Edmonds claims that the government's application for the Carlson search warrant was flawed so as to rise to the level of outrageous conduct. According to Edmonds, DEA agents applied for the search warrant on the basis of signed affidavits stating that Edmonds' information was reliable when they actually suspected that the information was false.

Even if this court were to find Edmonds' allegations credible, his claim is without merit. Edmonds did not establish a link between the improperly executed search warrant and the deprivation of his own due process rights. The rights affected by the search of Carlson's home were not those of Edmonds, but those of Carlson himself. Nor do Edmonds' allegations point to flagrantly offensive government conduct required to satisfy the "extremely high standard " described in Garza-Juarez, 992 F.2d at 904 (quoting United States v. Smith, 924 F.2d 889, 897 (9th Cir. 1991)). Accordingly, the district court did not err in denying Edmonds' motion to dismiss on the basis of outrageous government conduct.

IV. VINDICTIVE PROSECUTION

To establish a prima facie case of vindictive prosecution, Edmonds "must show either direct evidence of actual vindictiveness or facts that warrant an appearance of such." United States v. Montoya, 45 F.3d 1286, 1299 (9th Cir. 1995) (quoting United States v. Sinigaglio, 942 F.2d 581, 584 (9th Cir. 1991)). Upon such a showing, the prosecution has the burden of proving that "independent reasons or intervening circumstances dispel the appearance of vindictiveness and justify its [prosecutorial] decisions." Montoya, 45 F.3d at 1299 (quoting United States v. Hooton, 662 F.2d 628, 634 (9th Cir. 1981), cert. denied, 455 U.S. 1004 (1982)).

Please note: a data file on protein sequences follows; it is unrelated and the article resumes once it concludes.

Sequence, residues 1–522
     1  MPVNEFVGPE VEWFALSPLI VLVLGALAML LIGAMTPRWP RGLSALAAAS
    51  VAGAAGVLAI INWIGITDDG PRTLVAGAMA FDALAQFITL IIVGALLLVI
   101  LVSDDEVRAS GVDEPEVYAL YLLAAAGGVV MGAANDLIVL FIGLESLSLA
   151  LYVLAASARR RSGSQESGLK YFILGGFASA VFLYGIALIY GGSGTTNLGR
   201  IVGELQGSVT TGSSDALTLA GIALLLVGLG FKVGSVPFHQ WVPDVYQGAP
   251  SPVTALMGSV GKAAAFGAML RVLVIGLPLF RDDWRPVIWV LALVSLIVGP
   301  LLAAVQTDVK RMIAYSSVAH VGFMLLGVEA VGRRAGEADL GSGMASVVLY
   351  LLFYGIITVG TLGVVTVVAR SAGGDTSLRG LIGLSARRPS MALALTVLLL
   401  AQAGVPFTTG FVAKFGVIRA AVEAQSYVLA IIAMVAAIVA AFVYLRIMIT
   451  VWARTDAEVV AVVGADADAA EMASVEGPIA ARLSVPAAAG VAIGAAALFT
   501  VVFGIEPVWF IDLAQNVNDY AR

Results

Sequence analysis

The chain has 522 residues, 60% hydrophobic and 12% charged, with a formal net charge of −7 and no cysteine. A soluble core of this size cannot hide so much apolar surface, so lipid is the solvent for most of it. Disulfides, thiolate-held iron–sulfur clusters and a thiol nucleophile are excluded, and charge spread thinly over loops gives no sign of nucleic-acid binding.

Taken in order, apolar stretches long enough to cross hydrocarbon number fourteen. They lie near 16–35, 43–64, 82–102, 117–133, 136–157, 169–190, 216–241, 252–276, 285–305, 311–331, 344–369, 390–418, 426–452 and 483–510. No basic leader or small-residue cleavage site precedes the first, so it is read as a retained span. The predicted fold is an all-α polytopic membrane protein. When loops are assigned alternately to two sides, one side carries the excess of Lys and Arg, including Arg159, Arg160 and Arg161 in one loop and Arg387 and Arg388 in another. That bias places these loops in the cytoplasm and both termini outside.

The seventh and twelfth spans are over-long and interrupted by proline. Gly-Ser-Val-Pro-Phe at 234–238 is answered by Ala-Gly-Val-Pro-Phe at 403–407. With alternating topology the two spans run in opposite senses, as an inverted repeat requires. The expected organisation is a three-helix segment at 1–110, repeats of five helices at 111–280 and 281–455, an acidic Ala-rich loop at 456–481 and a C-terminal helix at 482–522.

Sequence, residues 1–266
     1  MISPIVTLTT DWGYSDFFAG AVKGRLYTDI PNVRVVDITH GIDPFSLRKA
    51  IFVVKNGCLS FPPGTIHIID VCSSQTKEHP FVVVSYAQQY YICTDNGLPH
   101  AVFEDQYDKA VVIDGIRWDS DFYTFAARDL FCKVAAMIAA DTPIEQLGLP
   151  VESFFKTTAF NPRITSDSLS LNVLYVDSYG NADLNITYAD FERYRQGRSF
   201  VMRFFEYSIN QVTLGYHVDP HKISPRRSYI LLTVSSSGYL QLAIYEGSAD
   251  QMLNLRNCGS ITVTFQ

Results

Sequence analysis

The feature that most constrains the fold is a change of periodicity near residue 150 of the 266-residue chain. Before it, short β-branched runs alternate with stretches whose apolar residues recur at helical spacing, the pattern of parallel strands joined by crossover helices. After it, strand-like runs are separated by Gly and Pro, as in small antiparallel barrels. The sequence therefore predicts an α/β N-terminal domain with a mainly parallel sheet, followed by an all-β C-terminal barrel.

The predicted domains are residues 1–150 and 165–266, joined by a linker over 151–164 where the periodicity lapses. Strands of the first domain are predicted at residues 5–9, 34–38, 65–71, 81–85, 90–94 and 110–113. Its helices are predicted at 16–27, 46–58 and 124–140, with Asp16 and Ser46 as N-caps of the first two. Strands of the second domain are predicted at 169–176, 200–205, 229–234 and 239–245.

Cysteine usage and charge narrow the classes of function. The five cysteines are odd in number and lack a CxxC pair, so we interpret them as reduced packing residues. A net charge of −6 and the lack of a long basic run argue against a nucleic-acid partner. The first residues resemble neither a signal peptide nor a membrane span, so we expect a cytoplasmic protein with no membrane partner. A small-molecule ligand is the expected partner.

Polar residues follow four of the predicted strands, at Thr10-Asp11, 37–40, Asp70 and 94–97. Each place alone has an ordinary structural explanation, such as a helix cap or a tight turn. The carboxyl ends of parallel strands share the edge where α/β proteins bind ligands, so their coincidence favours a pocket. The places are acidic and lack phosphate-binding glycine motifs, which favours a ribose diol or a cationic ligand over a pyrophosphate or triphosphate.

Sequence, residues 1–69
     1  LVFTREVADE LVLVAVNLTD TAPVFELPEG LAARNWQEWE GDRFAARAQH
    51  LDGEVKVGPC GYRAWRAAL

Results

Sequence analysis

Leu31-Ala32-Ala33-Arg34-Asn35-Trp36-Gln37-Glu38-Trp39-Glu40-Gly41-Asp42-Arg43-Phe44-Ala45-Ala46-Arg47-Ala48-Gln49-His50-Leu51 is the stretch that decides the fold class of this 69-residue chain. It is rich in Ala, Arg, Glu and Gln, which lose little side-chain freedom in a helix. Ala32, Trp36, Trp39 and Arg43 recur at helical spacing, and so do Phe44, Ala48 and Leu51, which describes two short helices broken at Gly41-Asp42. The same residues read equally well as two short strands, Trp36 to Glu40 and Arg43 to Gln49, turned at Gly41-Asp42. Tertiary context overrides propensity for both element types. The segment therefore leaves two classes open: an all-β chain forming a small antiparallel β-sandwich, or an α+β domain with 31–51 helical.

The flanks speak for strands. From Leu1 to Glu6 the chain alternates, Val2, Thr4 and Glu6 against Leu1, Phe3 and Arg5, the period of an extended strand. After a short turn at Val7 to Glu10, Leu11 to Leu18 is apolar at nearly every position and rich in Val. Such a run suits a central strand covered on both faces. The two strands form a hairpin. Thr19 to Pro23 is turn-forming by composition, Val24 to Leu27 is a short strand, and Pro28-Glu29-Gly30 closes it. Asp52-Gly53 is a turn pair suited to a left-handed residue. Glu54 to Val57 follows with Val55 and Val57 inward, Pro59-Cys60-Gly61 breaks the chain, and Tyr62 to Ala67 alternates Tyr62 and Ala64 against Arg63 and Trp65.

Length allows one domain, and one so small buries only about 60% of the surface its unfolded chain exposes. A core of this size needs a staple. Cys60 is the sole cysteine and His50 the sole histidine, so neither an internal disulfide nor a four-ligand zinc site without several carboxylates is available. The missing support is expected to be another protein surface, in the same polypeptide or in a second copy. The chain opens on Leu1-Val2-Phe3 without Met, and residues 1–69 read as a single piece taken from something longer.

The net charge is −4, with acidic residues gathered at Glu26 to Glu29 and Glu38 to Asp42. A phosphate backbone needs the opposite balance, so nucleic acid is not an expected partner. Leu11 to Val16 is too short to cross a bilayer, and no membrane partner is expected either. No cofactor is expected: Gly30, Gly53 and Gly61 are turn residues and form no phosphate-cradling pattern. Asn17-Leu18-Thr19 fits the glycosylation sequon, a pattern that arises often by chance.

Edmonds claims that the prosecution against him was initiated in retaliation for the civil suit Carlson filed against the government in June 1993. Carlson's suit alleged that the government acted recklessly in executing the search warrant at the Carlson residence. Edmonds suggests that he was indicted to shift the blame to him.

We conclude that the facts of this case cannot support a showing of vindictive prosecution. Where a defendant claims that the filing of an initial indictment constituted vindictive prosecution, "the defendant must show vindictiveness on the part of those who made the charging decision. " United States v. Williams, 730 F.2d 1218, 1221 (9th Cir. 1984) (citing Hooton, 662 F.2d at 634). Edmonds has made no showing of actual vindictiveness on the part of any federal official. Nor can Edmonds show facts suggesting the appearance of vindictive prosecution in retaliation for Carlson's civil suit given that Edmonds was indicted before Carlson's suit was filed. Accordingly, the district court did not err in concluding that Edmonds had failed to make a showing of vindictive prosecution.

V. GROUPING OF COUNTS UNDER SENTENCING GUIDELINE S 3D1.2(b)